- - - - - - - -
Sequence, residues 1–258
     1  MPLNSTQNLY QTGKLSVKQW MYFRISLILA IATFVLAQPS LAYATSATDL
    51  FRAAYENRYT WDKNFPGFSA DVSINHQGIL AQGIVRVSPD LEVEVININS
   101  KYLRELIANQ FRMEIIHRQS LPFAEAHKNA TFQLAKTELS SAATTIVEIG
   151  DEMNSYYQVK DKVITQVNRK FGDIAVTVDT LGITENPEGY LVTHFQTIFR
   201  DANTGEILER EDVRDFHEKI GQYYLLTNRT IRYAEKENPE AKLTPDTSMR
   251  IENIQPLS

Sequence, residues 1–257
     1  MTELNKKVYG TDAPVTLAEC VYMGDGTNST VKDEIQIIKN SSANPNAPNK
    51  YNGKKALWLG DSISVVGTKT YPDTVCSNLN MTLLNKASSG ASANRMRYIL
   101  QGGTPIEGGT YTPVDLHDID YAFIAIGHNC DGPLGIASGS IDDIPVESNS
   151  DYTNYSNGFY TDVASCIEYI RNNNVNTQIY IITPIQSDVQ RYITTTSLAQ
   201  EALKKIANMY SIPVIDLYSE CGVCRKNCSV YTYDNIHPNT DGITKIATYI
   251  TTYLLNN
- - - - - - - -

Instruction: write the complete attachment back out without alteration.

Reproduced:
Sequence, residues 1–258
     1  MPLNSTQNLY QTGKLSVKQW MYFRISLILA IATFVLAQPS LAYATSATDL
    51  FRAAYENRYT WDKNFPGFSA DVSINHQGIL AQGIVRVSPD LEVEVININS
   101  KYLRELIANQ FRMEIIHRQS LPFAEAHKNA TFQLAKTELS SAATTIVEIG
   151  DEMNSYYQVK DKVITQVNRK FGDIAVTVDT LGITENPEGY LVTHFQTIFR
   201  DANTGEILER EDVRDFHEKI GQYYLLTNRT IRYAEKENPE AKLTPDTSMR
   251  IENIQPLS

Sequence, residues 1–257
     1  MTELNKKVYG TDAPVTLAEC VYMGDGTNST VKDEIQIIKN SSANPNAPNK
    51  YNGKKALWLG DSISVVGTKT YPDTVCSNLN MTLLNKASSG ASANRMRYIL
   101  QGGTPIEGGT YTPVDLHDID YAFIAIGHNC DGPLGIASGS IDDIPVESNS
   151  DYTNYSNGFY TDVASCIEYI RNNNVNTQIY IITPIQSDVQ RYITTTSLAQ
   201  EALKKIANMY SIPVIDLYSE CGVCRKNCSV YTYDNIHPNT DGITKIATYI
   251  TTYLLNN